The 33% marginal tax rate starts at 175K.  That does not mean, as you say, that a person with an income of 175K pays 33% of their income or 57,750.

            Here is why:

            • You pay 10% on the first $8500 of income :    850
            • 15% rate on the next 26,000:                         3900
            • 25% on the next  50,000   (a little rounding on my part) :    12500
            • 28% on the next 90,000  (again, a little rounding )             25200
            • Then you pay 33% on the income over 174,400 .  So if someone is making 175,000  , that would be (600) *  .33  = 200

            This all adds up to less than 43000- much less than the 57500 you claim  – and I didn't even take the standard deduction, or mortgage interest, or deduct for property tax paid or state income tax paid, or pre-tax retirement or health contributions.

            So basically the 50% of income being paid in tax claim is bogus.  You are double counting state income tax and property tax, mixing up marginal rates vs. total tax rates, ignoring deductions,  and mixing up payroll and sales tax (regressive) with income tax (progressive).

    2. Getting back to bankers and their profits…

      The original point is that as "community" oriented as one reply claims First Bank and Trust of Evanston to be, the fact is that they have made a LOT of money by lending at high rates of interest (even at 4%) for them and giving back miniscule interest to the savers (a 5 yr. CD gets 1.4%) .

      I am not saying that this group of bankers is any worse than the rest of them…but let's face it, they are all greedy and other than using your matteress, they have a lock hold on the industry.   All this is supposed to be regulated by the government, but the government is filled with people with lots of money and who keep all of this "regulation for the good of everyone" mostly good for people who make the most money.  This is what the average Joe or Jane is angry about.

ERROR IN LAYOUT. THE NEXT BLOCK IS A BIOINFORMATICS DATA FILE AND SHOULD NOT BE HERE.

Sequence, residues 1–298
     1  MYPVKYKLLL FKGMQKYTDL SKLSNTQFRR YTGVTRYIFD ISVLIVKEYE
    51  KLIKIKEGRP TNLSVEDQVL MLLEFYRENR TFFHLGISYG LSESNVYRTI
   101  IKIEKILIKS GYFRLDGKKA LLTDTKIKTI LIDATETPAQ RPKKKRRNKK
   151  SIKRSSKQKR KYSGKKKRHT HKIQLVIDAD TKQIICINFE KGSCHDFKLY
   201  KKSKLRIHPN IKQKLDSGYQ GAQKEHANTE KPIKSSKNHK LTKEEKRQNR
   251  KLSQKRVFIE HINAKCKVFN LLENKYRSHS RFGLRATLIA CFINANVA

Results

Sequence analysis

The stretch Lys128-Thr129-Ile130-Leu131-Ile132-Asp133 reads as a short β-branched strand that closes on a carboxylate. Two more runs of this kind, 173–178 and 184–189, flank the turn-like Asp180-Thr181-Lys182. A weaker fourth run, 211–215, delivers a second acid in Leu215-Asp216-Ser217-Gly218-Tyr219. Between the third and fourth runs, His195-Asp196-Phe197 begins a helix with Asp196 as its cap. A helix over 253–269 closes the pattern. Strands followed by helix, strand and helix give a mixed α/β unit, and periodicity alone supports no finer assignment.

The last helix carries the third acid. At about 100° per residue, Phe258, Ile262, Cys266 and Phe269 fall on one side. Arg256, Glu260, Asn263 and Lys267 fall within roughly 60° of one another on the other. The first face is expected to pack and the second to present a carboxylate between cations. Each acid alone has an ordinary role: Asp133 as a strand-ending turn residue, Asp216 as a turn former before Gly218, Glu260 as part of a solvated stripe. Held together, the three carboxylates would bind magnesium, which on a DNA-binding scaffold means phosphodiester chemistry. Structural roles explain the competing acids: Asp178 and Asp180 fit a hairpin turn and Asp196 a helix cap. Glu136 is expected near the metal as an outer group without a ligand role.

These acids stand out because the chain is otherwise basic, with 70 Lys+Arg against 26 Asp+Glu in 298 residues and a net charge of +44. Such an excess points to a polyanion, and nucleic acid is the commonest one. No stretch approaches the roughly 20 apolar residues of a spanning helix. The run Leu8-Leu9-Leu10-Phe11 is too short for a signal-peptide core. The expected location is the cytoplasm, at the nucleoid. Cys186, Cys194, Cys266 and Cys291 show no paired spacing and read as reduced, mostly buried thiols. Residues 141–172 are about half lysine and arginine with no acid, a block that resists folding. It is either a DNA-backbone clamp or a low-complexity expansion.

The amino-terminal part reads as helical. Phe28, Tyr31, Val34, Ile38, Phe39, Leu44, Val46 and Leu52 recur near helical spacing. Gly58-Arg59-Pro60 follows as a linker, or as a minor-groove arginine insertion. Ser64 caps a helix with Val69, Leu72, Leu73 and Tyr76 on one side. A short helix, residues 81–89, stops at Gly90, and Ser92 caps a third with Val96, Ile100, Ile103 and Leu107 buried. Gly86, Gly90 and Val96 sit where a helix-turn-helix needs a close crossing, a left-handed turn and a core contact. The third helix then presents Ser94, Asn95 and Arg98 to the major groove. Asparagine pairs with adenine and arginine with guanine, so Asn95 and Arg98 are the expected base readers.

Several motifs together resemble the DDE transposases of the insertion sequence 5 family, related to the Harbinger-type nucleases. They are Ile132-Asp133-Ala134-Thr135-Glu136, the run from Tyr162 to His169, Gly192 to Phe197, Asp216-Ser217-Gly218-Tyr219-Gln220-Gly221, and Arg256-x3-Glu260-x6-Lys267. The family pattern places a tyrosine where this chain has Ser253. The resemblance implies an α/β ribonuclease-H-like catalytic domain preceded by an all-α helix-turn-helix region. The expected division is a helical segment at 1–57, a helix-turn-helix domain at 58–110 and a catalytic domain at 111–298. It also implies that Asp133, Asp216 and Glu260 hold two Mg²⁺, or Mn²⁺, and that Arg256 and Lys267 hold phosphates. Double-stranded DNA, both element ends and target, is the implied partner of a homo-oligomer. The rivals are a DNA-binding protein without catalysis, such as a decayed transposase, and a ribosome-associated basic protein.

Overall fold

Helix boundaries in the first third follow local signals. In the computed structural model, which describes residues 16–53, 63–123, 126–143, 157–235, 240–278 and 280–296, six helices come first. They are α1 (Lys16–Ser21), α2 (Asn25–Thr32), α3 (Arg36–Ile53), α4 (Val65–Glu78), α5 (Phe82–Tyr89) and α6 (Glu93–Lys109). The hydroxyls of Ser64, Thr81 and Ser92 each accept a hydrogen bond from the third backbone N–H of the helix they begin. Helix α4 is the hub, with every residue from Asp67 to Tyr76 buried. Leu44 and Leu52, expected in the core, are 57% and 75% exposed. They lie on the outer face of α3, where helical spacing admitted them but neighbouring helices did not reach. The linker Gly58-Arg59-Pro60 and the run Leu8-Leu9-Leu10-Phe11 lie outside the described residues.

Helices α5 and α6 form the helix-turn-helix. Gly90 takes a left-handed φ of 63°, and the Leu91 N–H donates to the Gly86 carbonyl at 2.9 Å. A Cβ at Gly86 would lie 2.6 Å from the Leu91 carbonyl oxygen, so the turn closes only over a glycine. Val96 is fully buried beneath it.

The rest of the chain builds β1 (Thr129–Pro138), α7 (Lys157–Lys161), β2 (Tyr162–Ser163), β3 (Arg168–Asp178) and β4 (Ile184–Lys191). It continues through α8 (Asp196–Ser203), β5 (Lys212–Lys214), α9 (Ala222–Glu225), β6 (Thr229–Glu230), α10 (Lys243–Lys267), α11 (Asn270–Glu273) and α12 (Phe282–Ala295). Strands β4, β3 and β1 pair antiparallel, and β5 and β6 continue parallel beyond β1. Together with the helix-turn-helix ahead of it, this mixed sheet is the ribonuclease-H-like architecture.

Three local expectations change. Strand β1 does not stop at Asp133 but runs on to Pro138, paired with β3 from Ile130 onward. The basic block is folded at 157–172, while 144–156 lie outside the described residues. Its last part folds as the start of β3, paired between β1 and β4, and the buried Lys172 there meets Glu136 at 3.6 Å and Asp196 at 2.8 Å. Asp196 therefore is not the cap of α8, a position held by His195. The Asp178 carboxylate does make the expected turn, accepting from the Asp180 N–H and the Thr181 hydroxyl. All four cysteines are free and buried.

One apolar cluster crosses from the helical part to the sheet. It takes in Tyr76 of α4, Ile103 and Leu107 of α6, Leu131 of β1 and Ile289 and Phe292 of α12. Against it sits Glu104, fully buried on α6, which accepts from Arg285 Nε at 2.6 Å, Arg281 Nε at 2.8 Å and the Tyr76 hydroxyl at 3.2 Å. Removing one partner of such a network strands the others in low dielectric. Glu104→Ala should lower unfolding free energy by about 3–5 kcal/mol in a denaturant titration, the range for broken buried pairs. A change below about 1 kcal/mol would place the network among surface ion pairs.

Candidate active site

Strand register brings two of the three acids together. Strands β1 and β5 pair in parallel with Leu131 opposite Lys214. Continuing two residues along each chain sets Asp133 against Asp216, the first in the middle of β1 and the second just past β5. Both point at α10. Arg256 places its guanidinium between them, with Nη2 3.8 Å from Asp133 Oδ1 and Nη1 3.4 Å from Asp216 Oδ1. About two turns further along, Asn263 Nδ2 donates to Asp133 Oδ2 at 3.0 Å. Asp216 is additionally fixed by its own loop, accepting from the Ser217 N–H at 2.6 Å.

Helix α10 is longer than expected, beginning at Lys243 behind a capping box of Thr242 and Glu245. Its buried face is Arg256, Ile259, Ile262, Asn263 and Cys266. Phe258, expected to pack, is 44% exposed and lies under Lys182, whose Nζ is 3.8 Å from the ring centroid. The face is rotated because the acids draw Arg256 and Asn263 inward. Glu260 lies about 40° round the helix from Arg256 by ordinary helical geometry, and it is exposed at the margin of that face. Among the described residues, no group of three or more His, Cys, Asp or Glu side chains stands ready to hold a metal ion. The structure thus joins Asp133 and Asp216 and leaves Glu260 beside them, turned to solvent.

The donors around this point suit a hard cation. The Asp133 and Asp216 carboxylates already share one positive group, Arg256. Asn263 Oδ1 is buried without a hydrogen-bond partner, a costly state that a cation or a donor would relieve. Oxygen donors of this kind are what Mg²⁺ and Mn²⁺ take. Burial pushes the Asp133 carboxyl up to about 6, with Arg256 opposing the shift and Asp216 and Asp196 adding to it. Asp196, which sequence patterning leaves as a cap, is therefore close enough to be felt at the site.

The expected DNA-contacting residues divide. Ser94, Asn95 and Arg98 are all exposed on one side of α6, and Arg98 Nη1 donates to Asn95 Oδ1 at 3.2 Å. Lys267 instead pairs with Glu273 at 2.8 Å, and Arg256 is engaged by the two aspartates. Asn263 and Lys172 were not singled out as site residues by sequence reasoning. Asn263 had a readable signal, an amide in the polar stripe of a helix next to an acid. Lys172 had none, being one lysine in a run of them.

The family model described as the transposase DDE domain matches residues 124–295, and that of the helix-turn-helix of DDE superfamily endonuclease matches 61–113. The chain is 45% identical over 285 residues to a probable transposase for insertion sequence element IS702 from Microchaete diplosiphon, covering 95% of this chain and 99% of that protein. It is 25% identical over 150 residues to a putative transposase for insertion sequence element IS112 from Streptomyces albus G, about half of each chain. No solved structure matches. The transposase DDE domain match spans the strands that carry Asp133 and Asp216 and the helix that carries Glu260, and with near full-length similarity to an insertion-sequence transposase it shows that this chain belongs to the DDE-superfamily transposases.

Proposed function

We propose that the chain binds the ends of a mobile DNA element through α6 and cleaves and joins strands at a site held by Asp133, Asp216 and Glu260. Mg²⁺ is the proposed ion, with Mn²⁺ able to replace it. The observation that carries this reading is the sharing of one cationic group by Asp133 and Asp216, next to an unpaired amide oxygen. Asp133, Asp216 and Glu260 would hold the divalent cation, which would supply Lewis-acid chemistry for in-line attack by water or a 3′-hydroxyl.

2. Sheer Ignorance, but not a surprise

    How do you define "incredible profits" ?? Just because the bank has increased their earnings shouldn't make them a target of your comments suggesting untoward conduct by the bank. Evanstonians should celebrate the success of First Evanton Bancorp. This is a local bank that generously supports our community, provides employment, and provides loans to businesses and consumers to help them grow and prosper. Painting the "bank executives" with the 1% populist brush is a pathetic comment. And lastly your ignorance shows through with your lack of understanding that the legislative branch of our government establishes tax policy, not the Federal Reserve Bank.

    And no, I don't work for the bank or any bank, I'm just a struggling artist.

  3. 50% of your income in taxes? I don’t believe it.

    Regarding the comment below that: 

    All I know is that I'm paying more than 50% in federal, state, local, municipal and other taxes. My incentive to hire more people is simply not there.

    You are paying more than 50% in taxes?

    This is interesting…I wonder how you get to this number:

    Let's assume you are in the top Federal bracket (35%), which means you have an income of over 379K.  The MARGINAL rate is 35%.

    Add 6% for the state taxes.  Sure, there are social security taxes and medicare taxes…but those stop around 120K, which is well below where the 35% rate begins.  These are not progressive taxes ("the more money you make, the higher your tax rate")

    Then there are sales taxes too…but you would have to be spending a lot of money on taxable items there, and I still don't see how it could push your rate up to 50%….unless you spend all of your disposable income on cigarettes and other highly taxed items.  And this is not a progressive tax ("the more money you make, the higher your tax rate")

    Oh yes…property taxes…maybe you have a very big, big, big house and the taxes make up a big percent of your income….but this is not a progressive tax  ( "the more money you make, the higher your tax rate"). 

    I don't see how you can come up with a 50% tax rate…and if you do, it is not due  to 'progressive taxation'….maybe you are living in a McMansion that you really can't afford, or spending too much money on cigarettes…. I'd like a rough breakdown of the numbers.

    1. you’d like a rough breakdown of the numbers?

      First of all, I live in a house I can very well afford, and I've never smoked. If I buy wine, I do it in Wilmette to avoid paying the enormous Evanston alcohol tax.

      So you can't figure out how I can pay more than 50% in tax?. My only suggestion to you is to work for 30 years like I have, 60 hours a week, run your own business, get your income levels to where mine is and perhaps someday an astute accountant will be able to explain to you how to get to my total tax rate.

      Good luck.